What you need to know, at a glance
- Premier Doug Ford says there are no plans to ease ‘hot zone’ restrictions, despite economic disruptions
- ‘We won’t even have an economy if this continues to spread’
- Ontario reported 826 new cases of COVID-19 on Friday, including 88 in Ottawa
- The new numbers push Ontario’s total number of infections to 68,353
- There were nine new deaths, bringing the total to 3,080
- There are 276 people in hospital with 78 of those in ICU care and 47 on ventilators
- Ottawa Public Health reported 88 new cases and five new deaths over the previous 24 hours
- One new outbreak was declared among health care and congregate living facilities, while two more outbreaks were declared in child care and schools
- Five new cases have been confirmed in sports related outbreaks, for a total of 30
- A resident of the city-run Centre d’accueil Champlain long-term care home has died in hospital of COVID-19
- A second staff member at the Garry J. Armstrong long-term care home has tested positive for COVID-19.
- Eastern Ontario’s medical officer of health expected to announce more restrictions on gyms, bars and restaurants
- Quebec reported 905 infections, bringing the total number of confirmed cases since to 98,226 since the pandemic began.
- Twelve new deaths were reported – four over the past 24 hours, six between Oct. 16 and 21, and another two on unknown dates
- The Outaouais region reported 25 new cases and one new death since the last report.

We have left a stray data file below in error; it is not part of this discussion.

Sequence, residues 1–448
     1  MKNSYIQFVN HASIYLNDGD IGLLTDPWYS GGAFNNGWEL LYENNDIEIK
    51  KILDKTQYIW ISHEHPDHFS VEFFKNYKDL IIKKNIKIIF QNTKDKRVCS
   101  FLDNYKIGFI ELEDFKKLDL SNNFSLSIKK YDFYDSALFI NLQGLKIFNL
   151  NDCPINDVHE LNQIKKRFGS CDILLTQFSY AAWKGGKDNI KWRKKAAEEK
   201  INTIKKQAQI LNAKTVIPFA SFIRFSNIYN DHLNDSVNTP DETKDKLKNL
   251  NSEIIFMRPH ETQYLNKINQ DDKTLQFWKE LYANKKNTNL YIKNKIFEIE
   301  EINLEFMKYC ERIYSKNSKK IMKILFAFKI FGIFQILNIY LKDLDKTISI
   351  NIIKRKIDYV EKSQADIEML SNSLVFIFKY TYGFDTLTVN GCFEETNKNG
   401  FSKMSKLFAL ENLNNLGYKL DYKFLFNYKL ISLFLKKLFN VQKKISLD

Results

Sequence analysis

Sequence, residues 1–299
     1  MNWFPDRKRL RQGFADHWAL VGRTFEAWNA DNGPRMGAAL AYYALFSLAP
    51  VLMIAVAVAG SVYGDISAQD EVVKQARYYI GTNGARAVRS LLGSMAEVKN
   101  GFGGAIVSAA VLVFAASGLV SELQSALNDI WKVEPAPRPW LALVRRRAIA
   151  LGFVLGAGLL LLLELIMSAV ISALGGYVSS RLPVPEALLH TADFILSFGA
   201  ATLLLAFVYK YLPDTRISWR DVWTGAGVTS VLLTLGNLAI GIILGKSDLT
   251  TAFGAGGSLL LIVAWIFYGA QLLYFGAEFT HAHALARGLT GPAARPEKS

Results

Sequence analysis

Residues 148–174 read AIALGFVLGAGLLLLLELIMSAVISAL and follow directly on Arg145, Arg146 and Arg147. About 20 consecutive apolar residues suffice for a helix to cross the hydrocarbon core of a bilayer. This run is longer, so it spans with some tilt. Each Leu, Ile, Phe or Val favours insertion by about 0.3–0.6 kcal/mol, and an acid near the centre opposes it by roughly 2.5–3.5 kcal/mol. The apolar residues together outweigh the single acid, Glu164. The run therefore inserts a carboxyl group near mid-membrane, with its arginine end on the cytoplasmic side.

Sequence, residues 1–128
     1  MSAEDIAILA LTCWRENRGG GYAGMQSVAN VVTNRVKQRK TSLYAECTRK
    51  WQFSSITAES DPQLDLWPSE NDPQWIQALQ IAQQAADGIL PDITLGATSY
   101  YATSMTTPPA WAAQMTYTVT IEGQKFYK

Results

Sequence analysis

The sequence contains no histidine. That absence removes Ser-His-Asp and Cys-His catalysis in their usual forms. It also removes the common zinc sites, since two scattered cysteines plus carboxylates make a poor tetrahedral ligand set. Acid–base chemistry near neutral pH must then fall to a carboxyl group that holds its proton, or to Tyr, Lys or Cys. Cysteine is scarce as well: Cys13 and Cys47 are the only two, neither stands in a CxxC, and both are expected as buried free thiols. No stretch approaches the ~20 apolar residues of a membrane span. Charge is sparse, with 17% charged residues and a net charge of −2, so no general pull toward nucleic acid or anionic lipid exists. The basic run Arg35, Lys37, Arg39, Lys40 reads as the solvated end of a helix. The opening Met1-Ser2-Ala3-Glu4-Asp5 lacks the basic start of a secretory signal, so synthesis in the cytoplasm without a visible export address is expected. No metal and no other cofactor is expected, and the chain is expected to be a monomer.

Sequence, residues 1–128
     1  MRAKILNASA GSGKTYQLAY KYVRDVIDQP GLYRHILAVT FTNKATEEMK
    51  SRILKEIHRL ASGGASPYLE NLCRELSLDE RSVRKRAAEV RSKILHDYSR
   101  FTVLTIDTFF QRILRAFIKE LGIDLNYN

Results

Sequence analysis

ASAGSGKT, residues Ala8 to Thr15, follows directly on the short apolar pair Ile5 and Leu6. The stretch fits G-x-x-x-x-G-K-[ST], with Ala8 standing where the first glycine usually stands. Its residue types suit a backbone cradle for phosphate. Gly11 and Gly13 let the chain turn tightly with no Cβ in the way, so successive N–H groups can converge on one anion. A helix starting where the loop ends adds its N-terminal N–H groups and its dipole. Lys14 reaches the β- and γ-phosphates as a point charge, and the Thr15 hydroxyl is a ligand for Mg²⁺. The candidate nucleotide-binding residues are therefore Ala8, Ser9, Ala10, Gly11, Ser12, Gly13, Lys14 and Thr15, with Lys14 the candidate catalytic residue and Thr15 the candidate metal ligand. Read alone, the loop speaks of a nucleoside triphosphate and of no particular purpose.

- Canada recorded a record 2,788 new cases of COVID-19 on Thursday, the largest increase in infections since the pandemic began
- “We have to get these numbers down,” Prime Minister Justin Trudeau said
- The federal government spending $214 million towards the development of COVID-19 vaccines
- But PM warns that he doesn’t anticipate a vaccine will be ready this year or in early 2021
- Nationally, the number of COVID-19 infections topped 209,000 with more than 23,000 active cases
- The virus has killed 9,862 Canadians.
Ontario Premier Doug Ford and Health Minister Christine Elliott say they have no plans to ease restrictions in the province’s four COVID-19 hot zones of Ottawa, Toronto, Peel and York even as some business owners push back against the economic disruption the measures have caused.
“We won’t even have an economy if this continues to spread and gets up over 1,000 cases (a day),” Ford said Friday at a media briefing in Prince Edward County.
Ford added that he will meet with the province’s medical officer of health, Dr. David Williams, and his health team over the weekend to decide if Halton region, west of Toronto, will also be added to the hot zone list.
“I’ll have that answer on Monday,” the premier said. “It’s concerning right now. We’re seeing the numbers go up again.”
Ontario reported 826 new cases of COVID-19 on Friday, including 292 in Toronto, 186 in Peel, and 72 in York.